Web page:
Taxi Driver is a 1976 American film directed by Martin Scorsese, starring Robert De Niro, Jodie Foster, Cybill Shepherd, Harvey Keitel, Peter Boyle, Leonard Harris, and Albert Brooks. Set in a decaying and morally bankrupt New York City post Vietnam War, the film follows Travis Bickle, a taxi driver and veteran, and his deteriorating mental state as he works nights in the city.
Filming began in the summer of 1975 in New York City, with actors taking pay cuts to ensure that the project could be completed on a low budget of $1.9 million. Production concluded that same year, with a score being composed by Bernard Herrmann in his final score before his death; the film is dedicated to him.
The film was theatrically released by Columbia Pictures on February 8, 1976, where it was a critical and commercial success, despite generating controversy for its graphic violence at the climactic ending, and casting of then-12-year-old Foster in the role of a child prostitute. Considered one of the greatest films ever made, the film received numerous accolades including the 1976 Cannes Film Festival’s Palme d’Or, and four nominations at the 49th Academy Awards, including for Best Picture, Best Actor, and Best Supporting Actress for Foster.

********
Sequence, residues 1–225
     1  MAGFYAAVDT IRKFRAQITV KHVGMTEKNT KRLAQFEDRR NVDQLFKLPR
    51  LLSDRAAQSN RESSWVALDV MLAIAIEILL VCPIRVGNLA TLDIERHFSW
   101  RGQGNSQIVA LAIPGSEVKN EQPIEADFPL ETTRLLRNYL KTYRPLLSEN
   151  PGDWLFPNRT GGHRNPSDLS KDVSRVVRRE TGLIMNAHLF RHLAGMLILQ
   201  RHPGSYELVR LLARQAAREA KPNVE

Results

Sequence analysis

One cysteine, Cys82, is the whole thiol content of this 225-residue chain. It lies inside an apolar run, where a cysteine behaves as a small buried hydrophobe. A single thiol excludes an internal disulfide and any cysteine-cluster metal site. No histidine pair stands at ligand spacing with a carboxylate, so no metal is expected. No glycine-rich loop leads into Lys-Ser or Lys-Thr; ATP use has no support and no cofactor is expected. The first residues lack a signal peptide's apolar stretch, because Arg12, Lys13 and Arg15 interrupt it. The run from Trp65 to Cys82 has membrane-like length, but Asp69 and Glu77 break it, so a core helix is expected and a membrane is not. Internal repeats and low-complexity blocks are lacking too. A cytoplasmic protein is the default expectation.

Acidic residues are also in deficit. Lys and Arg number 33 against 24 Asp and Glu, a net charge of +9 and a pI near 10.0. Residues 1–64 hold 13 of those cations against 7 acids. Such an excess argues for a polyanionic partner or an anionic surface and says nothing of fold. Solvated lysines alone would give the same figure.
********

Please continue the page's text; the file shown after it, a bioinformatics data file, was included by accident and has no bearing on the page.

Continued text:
In 2012, Sight & Sound named Taxi Driver the 31st-best film ever in its decennial critics’ poll, together with The Godfather Part II, and the fifth-greatest film of all time on its directors’ poll. In 1994, the film was considered “culturally, historically or aesthetically” significant by the US Library of Congress, and was selected for preservation in the National Film Registry.